What does a child prodigy do to avoid burnout or a possible identity crisis?
Rebel, that’s what.
World-renowned violinist Leila Josefowicz didn’t suddenly take up drugs and alcohol, or any of the other ways people typically rebel, though it could be said her short-lived career as a part-time Chanel model at 20 was a mild rebellion.
“Children need direction, and it’s a question of how much and where and how,” she said. “Everyone’s different. You can’t make rules about it in general. The prodigy story is always tricky. It never works unless that person knows how to reinvent themselves when they’re older.”
And reinvent herself she did. She veered away from what most classical musicians do — perform the standard works of long-gone composers — and expanded her repertoire to include works by contemporary classical composers. The new music gave her excitement that didn’t spark when she played the older works.
“Being monitored so young, and being told what to do when and where, I had to reinvent myself for my own personal sanity and to continue to do what I’m doing,” Josefowicz said. “It’s very important to me to be able to make my own choices. It is a rebellion, but it’s also a natural revolution. There are very logical reasons behind it that explain it.”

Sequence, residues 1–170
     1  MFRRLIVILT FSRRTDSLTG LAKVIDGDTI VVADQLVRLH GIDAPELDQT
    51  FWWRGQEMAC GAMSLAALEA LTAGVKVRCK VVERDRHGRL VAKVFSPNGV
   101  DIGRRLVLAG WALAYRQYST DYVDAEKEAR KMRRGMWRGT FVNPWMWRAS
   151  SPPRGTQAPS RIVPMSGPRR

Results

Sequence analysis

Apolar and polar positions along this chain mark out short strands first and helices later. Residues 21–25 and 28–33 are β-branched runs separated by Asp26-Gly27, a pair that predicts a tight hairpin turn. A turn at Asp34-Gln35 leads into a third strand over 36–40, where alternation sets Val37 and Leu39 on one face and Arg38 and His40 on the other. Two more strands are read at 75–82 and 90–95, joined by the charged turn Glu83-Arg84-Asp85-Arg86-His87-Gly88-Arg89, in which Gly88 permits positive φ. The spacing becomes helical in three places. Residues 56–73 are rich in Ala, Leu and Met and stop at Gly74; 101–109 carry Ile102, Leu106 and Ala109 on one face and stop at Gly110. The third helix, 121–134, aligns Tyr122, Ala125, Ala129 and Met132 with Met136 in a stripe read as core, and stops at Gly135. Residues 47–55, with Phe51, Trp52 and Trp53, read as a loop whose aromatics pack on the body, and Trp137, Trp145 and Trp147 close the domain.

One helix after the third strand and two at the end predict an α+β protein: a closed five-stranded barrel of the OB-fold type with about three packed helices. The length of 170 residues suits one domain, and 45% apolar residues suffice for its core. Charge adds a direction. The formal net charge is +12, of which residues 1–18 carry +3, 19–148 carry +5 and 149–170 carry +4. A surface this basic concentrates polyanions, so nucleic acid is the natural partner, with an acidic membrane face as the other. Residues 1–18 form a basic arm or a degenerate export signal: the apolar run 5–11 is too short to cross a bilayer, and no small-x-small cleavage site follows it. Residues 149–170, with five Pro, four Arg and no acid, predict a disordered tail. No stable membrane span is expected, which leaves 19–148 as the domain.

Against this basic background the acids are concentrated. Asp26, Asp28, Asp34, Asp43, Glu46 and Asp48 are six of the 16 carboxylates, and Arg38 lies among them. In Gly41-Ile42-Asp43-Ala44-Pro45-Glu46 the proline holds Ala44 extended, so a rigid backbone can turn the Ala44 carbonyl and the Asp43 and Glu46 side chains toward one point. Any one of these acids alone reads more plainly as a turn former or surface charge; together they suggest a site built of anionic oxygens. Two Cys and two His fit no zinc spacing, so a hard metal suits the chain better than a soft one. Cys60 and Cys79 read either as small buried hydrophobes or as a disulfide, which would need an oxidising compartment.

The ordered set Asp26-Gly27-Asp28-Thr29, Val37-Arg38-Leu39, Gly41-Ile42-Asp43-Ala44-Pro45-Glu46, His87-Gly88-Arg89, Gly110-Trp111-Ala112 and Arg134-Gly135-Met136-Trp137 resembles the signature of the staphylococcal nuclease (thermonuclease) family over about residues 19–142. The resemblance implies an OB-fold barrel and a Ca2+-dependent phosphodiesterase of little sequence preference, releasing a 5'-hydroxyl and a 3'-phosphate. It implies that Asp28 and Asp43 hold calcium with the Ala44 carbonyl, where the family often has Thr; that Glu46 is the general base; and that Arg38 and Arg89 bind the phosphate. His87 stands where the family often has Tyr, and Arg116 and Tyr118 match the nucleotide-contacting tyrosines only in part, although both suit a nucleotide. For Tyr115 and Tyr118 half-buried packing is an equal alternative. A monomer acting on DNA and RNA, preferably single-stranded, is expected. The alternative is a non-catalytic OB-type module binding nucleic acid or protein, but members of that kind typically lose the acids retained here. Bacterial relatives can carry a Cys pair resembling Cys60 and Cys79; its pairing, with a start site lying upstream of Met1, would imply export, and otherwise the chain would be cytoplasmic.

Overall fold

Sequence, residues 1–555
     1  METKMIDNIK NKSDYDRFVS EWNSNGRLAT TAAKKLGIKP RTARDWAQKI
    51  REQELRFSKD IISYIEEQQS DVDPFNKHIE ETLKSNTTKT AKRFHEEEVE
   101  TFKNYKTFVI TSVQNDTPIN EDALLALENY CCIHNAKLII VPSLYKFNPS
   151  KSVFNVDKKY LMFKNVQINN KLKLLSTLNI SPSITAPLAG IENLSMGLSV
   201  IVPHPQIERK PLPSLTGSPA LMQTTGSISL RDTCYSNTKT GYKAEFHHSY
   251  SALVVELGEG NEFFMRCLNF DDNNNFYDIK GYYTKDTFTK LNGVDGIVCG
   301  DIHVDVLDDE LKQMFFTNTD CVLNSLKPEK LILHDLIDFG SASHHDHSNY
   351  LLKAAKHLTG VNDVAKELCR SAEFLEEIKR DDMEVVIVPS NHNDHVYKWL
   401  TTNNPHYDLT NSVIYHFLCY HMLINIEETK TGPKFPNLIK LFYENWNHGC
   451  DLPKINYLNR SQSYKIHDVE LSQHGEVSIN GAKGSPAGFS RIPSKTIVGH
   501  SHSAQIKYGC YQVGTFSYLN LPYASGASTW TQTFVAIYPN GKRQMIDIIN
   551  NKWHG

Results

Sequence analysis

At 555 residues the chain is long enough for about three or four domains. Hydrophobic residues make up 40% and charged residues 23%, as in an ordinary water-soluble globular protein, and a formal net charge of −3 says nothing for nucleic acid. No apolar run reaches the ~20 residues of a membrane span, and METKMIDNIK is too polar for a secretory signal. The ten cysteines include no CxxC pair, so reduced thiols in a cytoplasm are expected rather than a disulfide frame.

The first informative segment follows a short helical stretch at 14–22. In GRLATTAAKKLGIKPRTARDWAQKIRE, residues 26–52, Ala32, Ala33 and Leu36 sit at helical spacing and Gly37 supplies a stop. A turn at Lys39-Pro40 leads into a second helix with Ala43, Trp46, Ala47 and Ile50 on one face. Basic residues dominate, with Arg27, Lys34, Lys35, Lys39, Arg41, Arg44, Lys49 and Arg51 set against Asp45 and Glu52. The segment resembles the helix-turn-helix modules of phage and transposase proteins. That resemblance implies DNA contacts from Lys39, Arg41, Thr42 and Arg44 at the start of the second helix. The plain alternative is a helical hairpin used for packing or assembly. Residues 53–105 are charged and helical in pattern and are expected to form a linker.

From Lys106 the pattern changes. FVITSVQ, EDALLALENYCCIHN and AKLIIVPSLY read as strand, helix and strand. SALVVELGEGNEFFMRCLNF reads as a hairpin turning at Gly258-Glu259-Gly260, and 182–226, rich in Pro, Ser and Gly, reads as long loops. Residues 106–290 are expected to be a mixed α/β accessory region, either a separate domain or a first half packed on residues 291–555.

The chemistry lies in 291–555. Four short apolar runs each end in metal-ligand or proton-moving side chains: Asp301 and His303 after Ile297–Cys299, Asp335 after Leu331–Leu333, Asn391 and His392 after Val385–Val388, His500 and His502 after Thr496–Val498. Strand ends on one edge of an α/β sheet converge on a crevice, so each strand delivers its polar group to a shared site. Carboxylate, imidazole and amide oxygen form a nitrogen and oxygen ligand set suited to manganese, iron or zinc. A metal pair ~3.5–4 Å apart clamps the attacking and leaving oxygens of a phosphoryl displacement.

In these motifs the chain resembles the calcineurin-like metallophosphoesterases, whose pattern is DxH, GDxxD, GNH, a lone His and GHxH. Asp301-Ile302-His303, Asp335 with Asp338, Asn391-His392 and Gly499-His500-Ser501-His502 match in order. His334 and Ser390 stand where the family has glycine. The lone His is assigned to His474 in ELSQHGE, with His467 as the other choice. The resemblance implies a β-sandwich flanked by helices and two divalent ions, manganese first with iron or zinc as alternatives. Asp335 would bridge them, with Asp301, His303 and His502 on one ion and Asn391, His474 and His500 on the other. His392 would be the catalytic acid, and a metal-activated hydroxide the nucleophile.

She’ll perform Tuesday in Packard Hall at Colorado College with pianist John Novacek, a longtime friend, as part of the lead-up to the CC Summer Music Festival.
The program features works by Sibelius, Prokofiev, Mahler, Zimmermann and Oliver Knussen.
Clearly, she still performs standard works during her recitals, saying a full performance of 20th-century works “might be a bit daunting to program.” She likes to save contemporary pieces for performances alongside orchestras.
Josefowicz was 3 ½ when her parents put a tiny violin to her young neck. She played her first concerto with an orchestra at 8, appeared on a Bob Hope special at 10 and had professional management by 13. At 16, she made her Carnegie Hall debut.
The now 41-year-old received a bachelor’s of music from the Curtis Institute of Music and has performed with orchestras across the globe, including the Los Angeles Philharmonic, the New York Philharmonic and the London Symphony Orchestra. Last fall, she was awarded the prestigious $100,000 Avery Fisher Prize.
She’s a muse for current composers, such as John Adams, Esa-Pekka Salonen, Colin Matthews and Steven Mackey, with whom she collaborates on new pieces, another tiny act of rebellion that pleases her.
“The best collaborations come when they better know your playing and personality, and the more they understand what makes me tick,” Josefowicz said. “There’s a daring quality I have. There’s a hunger there that I really enjoy.
“A lot of my colleagues are fantastic at standard repertoire and occasionally do new music, but they’d say it’s not their strength. You have to really want to do it well.”
Contact the writer: 636-0270